Tints, tones, and shades are some of the basic terms used when talking about color. They can get confusing because sometimes other words are used to mean the same thing. Here’s a quick guide:
Tints – a pure color, or hue, that has been made lighter. With paint, this is done by adding white; with dye, we just use less dye.
Tones – a pure color that has been modified by adding grey. This needs to be a neutral grey, not a blue-grey or grey-green, etc.
Shades – a pure color with black added. Often we ask ‘what shade of blue is your favorite?’ even when we mean ‘what color blue?’ Don’t let that bother you. The grammar police are eating donuts with the quilt police. 🙂
A pure hue is often described as being ‘neutralized’ or ‘flattened’ – made less pure, or intense, or glowing. This is done by adding grey or black, or sometimes by adding the complement – the pure color that is the opposite on a color wheel.
CYM color wheel image from Wikimedia Commons.
The gallery below shows the colors I will soon be dyeing on demand. I’m also going to dye a glowing turquoise color called Breakers. As a reference, pages from Joen Wolfrom’s 3-in-1 Color tool are included. Some of the folks going to the Crow Barn Workshops beginning the end of September have asked for flat colors, so here they are! If you are a new customer, you can start the order process here. Existing customers – you know how to reach me, and thank you! For many more colors, order the virtual swatch book! We’ll do more colors as time allows.
“How can I help you?” Millions of people are letting Alexa, Siri and others help them with trivia, homework, how-to instructions and more. What I can’t ask the computer is how I can help you. Dyeing fabric is something I love more than chocolate, but running this business can be a challenge. One fabric has been sitting around for close to 10 years – I think I’ll call it the ‘life lesson’ fabric. That’s more polite than ‘that @^%# ugly thing.’ So rather than take advice from a machine, I need to ask you a couple of quick questions. And I promise not to try to sell you that @^%# ugly thing, or anything else! 😊
If you have a moment to help me out, click below. It should take only about two minutes of your time.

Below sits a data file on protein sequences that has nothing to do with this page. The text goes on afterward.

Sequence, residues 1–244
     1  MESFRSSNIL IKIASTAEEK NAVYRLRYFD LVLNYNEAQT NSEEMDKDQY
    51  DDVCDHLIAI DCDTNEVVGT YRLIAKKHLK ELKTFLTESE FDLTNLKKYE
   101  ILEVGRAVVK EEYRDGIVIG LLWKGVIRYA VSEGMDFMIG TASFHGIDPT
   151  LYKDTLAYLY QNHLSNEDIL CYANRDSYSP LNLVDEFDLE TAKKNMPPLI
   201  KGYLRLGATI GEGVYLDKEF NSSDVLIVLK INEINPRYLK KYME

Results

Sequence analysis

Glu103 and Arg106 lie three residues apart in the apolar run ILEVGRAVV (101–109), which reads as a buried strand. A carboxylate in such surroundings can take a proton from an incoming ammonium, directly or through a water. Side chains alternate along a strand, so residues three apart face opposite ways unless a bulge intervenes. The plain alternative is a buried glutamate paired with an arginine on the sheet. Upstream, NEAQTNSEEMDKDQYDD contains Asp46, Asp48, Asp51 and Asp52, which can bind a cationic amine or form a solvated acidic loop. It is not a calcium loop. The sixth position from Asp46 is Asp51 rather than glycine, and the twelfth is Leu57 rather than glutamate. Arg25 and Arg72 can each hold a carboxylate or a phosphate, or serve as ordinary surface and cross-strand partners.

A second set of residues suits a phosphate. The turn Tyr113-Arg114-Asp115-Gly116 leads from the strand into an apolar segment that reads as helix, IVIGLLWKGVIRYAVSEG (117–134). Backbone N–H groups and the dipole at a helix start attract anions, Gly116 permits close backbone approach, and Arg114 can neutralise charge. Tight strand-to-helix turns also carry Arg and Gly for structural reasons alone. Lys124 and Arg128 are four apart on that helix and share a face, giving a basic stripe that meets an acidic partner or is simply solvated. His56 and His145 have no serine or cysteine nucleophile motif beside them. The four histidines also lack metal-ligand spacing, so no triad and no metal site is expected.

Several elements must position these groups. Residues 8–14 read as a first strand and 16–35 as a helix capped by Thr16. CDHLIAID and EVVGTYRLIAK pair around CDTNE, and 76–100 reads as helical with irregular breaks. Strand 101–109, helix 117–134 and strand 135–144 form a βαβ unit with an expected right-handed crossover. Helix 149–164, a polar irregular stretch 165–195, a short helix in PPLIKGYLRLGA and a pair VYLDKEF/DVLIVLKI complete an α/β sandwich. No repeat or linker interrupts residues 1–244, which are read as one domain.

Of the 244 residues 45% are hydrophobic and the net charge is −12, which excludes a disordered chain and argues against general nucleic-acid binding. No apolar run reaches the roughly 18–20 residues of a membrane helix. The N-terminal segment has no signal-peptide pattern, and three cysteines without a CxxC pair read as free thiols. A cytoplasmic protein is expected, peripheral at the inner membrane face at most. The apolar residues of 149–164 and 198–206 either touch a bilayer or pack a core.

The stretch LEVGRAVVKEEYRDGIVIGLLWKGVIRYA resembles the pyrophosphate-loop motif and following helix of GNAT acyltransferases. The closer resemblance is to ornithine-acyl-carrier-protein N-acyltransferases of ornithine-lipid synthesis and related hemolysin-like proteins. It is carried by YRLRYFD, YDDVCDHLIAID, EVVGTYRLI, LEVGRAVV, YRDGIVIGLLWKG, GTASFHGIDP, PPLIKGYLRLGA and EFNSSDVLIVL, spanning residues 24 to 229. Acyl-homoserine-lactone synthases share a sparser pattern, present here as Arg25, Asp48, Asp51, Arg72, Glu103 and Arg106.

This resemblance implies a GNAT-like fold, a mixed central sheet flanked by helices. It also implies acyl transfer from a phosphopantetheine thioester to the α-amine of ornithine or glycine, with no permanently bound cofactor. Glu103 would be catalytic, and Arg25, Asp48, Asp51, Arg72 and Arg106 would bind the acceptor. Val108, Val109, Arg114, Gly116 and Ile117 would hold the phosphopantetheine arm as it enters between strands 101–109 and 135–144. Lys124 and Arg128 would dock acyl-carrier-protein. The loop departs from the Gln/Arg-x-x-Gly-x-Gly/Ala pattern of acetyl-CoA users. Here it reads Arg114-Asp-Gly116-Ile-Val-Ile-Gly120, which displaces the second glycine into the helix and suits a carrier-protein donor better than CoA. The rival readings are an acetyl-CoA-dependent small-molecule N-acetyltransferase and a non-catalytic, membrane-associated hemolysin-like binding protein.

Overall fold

In an effort to provide the best images of my fabric online, I finally learned how to set the white balance feature on my camera correctly. The photographs of solids and my virtual swatch book require the best color rendering possible. Turns out the camera has a super-quick way to set it up. While it does require four clicks to get there, once the menu item is open, it really only needs one click to set it. Since a picture is worth a thousand words, here are two versions of the same picture:
If you have any of those Kona® fabrics on hand, you can judge which picture shows them more accurately. If you don’t, you can believe me when I say that the corrected version is far better than the uncorrected one.
You can also see this picture along with 430 pictures of DippyDyes solid fabrics in the Virtual Solids Swatch Book found here!
This quilt is a really neat example of transparency in quilts. Boy, I wish I could say it was my work! It’s by Modern Quilt Studio, and it’s super! It is a good quilt to dye for, once you know some dyeing basics.
And transparency is the subject of my upcoming class on Saturday, May 11 at Quiltfest Lancaster!
You’ll learn all the basics of dyeing, plus receive lots of recipes for colors that you can use to create your own unique transparency effects! At the bottom of this post for the first time are all three versions of my Shoo-Fly Transparency quilt. What all these quilts have in common is the illusion you can create that one fabric is laying on top of another, and the combination of the two creates a third color. P.S. – for a look at more samples of transparency quilts, check out my Pinterest board. Thanks!
At DippyDyes, we dye a lot of solid fabric. The easiest way to do this is with a washing machine. For three-yard pieces, a table top washer is ideal. The washer does the stirring for you, because if you want solid fabrics, you must stir. A lot. And then stir some more. Up to 90 minutes for the darkest values.